As with most Dundee beers, this one has a cartoon character. In this case it’s a buttoned-down British frog holding a pint. Of course it’s a frog so it naturally looks drunk, but we don’t know how strong this pint is. No info on the Dundee bottles, other than the peppy caption “Enjoyably Hoppy”. And these are twist-off bottles, so combine that with TLI, and you get a feel for the level of hands-on brewmastering involved. But carry on,
The color is medium gold, or two shades lower, and a really refreshing smell to this one. The hops are giving it up for free here, a nasal snorfle rakes in some citrus, some pine and even some pepper. Notable and thus noting it here, since that level of aroma is unexpected from Dundee.
And the tasting goes just as well. The tag “enjoyably hoppy” is fully justified. Ohhh, yep i’m a dolt, now i get it: it’s a frog because it’s “hoppy”. OK, back to our regularly scheduled beer review…
The taste is not as hoppy as the smell, but a good beer body comes through all the more past the tamed hops. But what it is, a medium-hopped ale, is fine. The same knock here as with Dundee’s kolsch: this is sweet for a hopped beer. I seen that before, from more crafty brewers, and it generally counts against them. Here, when we expected mediocrity and instead find suitability, it’s a big plus.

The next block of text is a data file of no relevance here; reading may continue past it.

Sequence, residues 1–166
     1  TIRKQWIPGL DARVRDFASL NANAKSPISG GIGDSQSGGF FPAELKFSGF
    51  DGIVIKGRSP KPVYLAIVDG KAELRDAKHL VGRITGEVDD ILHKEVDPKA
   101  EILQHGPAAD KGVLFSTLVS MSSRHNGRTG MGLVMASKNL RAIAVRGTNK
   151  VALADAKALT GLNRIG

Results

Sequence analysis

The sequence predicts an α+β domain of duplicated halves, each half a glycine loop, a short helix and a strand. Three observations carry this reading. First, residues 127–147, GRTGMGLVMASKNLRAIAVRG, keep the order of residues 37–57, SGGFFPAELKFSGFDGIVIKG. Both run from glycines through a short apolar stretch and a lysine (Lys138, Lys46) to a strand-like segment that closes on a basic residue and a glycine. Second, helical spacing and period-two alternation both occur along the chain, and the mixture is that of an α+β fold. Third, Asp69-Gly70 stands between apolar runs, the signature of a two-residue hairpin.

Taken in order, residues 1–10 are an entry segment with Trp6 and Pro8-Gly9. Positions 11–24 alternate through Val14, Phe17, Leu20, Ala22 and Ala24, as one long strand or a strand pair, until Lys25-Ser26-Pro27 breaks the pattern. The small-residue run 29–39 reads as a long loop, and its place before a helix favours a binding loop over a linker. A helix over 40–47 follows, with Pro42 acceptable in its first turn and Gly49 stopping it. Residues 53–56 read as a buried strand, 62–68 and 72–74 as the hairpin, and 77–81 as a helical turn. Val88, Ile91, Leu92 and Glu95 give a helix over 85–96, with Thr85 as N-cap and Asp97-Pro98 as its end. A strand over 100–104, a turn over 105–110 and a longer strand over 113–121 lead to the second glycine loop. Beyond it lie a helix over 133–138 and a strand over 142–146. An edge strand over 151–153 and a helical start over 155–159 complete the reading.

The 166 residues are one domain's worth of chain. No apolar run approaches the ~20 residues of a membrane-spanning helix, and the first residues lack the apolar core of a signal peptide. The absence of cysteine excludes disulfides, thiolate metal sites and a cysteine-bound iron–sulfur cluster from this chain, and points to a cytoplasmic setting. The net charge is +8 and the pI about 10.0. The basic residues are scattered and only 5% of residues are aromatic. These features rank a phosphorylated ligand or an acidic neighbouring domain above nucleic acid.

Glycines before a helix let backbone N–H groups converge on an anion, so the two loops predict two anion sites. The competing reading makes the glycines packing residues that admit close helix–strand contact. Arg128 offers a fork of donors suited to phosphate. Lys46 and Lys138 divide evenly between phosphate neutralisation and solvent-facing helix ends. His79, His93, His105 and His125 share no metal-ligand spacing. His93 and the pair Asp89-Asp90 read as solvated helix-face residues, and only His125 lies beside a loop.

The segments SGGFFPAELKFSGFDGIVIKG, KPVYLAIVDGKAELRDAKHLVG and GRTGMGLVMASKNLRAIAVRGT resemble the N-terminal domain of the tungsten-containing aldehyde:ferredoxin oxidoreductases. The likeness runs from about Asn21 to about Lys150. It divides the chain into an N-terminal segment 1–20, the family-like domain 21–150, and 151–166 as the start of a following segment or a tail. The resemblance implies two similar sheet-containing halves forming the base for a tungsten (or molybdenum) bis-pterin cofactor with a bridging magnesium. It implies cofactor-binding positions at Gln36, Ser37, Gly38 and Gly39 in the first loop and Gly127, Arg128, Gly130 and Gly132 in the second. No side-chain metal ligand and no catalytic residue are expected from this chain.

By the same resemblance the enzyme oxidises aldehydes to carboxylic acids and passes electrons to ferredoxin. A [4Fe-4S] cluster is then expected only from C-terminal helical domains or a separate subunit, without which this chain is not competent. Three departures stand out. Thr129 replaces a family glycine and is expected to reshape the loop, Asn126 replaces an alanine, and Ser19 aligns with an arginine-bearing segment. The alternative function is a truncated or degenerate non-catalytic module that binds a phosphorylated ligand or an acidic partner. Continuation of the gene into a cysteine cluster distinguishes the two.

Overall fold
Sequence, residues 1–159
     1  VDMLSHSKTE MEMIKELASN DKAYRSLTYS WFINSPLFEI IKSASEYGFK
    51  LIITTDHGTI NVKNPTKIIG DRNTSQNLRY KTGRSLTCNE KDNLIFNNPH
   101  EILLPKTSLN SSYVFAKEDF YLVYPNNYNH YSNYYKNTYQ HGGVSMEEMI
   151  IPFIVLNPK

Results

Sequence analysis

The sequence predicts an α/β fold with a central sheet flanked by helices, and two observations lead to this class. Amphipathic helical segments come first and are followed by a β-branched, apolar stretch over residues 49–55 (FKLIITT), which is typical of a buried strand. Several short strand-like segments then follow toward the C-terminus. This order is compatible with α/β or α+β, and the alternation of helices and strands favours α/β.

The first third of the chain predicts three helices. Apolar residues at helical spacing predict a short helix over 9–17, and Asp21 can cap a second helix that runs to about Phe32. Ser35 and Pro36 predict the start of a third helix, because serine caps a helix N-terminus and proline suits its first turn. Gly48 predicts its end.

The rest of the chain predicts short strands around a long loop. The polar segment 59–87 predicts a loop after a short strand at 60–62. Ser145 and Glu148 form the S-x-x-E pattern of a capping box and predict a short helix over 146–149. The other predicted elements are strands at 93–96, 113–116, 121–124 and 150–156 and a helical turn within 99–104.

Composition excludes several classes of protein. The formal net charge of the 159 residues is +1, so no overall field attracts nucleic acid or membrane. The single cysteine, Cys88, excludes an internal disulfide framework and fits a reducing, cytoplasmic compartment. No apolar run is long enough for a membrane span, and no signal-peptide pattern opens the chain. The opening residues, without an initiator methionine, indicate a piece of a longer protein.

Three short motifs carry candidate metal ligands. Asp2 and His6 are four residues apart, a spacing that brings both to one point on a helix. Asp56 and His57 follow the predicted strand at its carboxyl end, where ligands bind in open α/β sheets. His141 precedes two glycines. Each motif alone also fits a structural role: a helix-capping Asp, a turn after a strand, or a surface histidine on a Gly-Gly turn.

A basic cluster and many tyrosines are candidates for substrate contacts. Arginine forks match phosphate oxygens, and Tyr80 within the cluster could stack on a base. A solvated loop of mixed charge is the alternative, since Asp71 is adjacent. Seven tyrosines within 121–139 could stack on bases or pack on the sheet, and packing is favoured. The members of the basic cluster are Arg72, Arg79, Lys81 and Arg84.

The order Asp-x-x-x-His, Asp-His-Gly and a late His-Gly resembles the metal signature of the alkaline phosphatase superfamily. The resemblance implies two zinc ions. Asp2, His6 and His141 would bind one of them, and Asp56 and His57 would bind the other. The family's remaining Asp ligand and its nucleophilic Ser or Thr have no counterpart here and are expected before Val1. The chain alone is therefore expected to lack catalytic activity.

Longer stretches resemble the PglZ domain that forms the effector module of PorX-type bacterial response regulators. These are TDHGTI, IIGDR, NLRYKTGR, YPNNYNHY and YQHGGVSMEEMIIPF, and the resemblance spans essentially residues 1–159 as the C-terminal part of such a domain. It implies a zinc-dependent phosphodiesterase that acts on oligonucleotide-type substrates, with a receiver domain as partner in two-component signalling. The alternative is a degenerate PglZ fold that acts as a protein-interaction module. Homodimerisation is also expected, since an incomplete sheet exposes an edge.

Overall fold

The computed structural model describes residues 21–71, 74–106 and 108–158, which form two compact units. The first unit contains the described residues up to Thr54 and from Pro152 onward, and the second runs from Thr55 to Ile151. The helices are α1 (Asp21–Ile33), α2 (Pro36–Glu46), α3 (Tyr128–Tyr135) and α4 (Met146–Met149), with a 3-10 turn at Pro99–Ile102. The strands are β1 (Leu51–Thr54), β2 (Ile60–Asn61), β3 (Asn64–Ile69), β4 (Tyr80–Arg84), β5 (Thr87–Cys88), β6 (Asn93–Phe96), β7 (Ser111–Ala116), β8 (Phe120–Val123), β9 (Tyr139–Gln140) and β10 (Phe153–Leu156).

Still too sweet for me to drink all the time, but this shows that Dundee has some understanding of hops. Applause for that, and a nudge in case they stumble over this note: cut half of the sweetness and you’ve got a pretty good beer. Spike it with more carbonation after that, and you’ve got a damned good beer.
So this is a pale ale that knows it better not call itself “India” and it’s fairly cheap. Good hop, good beer, make it less sweet and it’d rate higher, but for now it’s ranked a workmanlike 7.6 rating.